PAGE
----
After Arlington National Cemetery horse deaths, Army makes changes to improve their care

WASHINGTON (AP) — The Army announced changes Wednesday to the way it will care for the gray and black horses that carry service members’ flag-draped caskets to their final resting places in Arlington National Cemetery after the deaths of horses in the ceremonial unit exposed their poor living conditions.

The horses are part of the caisson platoon of the 3rd Infantry Regiment, known as the Old Guard, which is best known for guarding the Tomb of the Unknown Soldier at the cemetery, located just across the river from Washington.

Two Old Guard platoon horses, Mickey and Tony, had to be euthanized within days of each other in February 2022. Both died from colon impaction, a “dry, firm mass of feed, or foreign material, such as dirt or sand,” and in Tony’s case, he had to be euthanized because the sand and gravel impaction was so extensive it could not be surgically removed, according to an Army investigation.

After the deaths of the two horses, both in their 20s, veterinarians found sediment in the manure of other horses, likely because they had so little grass in their turnout fields and consumed sand and gravel from the ground as they ate hay, the investigation found.

Compounding the problem, the hay was so low quality that it could not be easily digested by older horses like Tony as they nosed it around on the ground looking for edible feed. Army veterinarians noted the issue six months before the horses’ deaths but did not raise their concerns past the platoon leadership. And the platoon had no way to force the hay supplier to provide higher-quality hay because the Army contract did not specify the nutritional value required.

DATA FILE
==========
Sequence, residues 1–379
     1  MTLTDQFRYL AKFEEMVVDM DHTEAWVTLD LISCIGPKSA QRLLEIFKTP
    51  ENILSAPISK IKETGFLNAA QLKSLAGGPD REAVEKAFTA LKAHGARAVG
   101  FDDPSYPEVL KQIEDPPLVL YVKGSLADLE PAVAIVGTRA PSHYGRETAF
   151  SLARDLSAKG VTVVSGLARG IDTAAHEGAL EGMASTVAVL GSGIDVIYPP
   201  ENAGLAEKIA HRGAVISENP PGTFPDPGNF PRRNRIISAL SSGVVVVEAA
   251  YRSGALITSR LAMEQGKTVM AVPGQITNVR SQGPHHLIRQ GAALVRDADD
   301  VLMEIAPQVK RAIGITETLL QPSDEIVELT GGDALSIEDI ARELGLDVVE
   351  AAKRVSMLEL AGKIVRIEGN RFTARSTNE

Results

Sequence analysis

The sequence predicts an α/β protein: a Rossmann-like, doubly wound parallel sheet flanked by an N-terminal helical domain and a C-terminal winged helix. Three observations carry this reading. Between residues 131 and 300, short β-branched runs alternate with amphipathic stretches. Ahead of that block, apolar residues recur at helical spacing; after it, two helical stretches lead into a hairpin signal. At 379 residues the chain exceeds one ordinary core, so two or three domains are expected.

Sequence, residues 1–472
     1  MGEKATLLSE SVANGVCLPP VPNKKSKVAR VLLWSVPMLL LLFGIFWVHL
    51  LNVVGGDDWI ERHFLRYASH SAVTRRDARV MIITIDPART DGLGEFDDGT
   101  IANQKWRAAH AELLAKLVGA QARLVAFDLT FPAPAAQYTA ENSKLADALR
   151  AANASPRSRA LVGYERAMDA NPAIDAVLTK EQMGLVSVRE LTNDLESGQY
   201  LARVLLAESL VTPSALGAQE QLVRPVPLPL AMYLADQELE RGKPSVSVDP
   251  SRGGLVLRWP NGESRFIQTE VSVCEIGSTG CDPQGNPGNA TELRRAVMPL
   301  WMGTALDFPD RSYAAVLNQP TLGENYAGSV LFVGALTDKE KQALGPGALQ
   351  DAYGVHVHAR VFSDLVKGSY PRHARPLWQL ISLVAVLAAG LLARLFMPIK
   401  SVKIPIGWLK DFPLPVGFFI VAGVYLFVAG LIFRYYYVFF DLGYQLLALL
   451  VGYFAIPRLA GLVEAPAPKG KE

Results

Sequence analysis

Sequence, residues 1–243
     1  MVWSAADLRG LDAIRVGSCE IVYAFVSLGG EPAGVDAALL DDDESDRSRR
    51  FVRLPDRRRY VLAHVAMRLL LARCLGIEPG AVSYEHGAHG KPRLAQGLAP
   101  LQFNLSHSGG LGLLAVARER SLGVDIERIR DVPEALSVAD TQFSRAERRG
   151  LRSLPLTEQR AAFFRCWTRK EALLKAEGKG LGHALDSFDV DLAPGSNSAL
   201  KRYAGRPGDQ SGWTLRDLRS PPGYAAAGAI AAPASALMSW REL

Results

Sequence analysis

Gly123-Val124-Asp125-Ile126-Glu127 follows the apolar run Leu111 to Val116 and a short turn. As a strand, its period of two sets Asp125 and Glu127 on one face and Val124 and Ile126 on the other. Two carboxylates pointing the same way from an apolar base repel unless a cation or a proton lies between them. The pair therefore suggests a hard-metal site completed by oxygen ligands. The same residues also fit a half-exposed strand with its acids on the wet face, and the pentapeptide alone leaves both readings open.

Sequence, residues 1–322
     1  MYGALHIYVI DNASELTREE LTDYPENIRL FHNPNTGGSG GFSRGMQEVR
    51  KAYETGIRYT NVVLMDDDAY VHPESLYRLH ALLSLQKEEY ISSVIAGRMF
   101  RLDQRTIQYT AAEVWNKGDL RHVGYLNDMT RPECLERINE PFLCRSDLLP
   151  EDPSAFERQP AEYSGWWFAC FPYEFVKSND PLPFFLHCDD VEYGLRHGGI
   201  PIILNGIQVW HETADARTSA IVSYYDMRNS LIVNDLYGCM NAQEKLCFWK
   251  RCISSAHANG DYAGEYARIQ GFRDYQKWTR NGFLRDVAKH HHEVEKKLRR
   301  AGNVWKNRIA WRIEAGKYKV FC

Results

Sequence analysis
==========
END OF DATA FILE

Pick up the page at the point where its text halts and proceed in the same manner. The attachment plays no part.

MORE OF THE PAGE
When the horses did get to graze outdoors, those small turnout fields were also littered with construction debris and manure, and even if they had been in proper condition, would only have been large enough to support six or seven horses, the investigation found. At the time of the horse deaths, the field was used for a herd of 64.

The commanding general of the Military District of Washington, Army Maj. Gen. Allan Pepin, said the conditions were a result of mismanagement, not soldier abuse. Pepin said the conditions reflected a lack of full understanding by Army managers of the horses’ needs and the training needed for the soldiers to care for them, and also a lack of resources.

“The platoon took it personal because nobody wanted this outcome,” Pepin told reporters on Wednesday. “Every time you went by and saw the missions, we never saw a horse that looked like it was lame. We never saw a horse that looked like it was having issues. What we saw was expert soldiers and horses that looked great. So it kind of masked the underlying problem.”

In the months since, the Army has retired older horses, some as old as 20 that were still part of the group pulling the more than 2,500-pound caissons, which date back to 1918. It has also begun the process of buying new horses, and will no longer purchase gray horses, because they are likelier to develop skin cancer. The unit has also leased additional pasture land and received funding from Congress to improve the stables.

The Army is also working on obtaining a lighter caisson to put less strain on the horses and developing new saddles and other tack to better prevent horse injuries, Pepin said.

Since the euthanizations, the Army has brought on a full-time herd manager and been able to improve the horses’ diets, Pepin said, and regular veterinary bloodwork shows they are making progress. However, two additional horses have had to be euthanized since, one due to a leg fracture and one due to intestinal issues.

Last week. the Army decided caisson operations would be suspended for 45 days to give the horses time to recover from any injuries.

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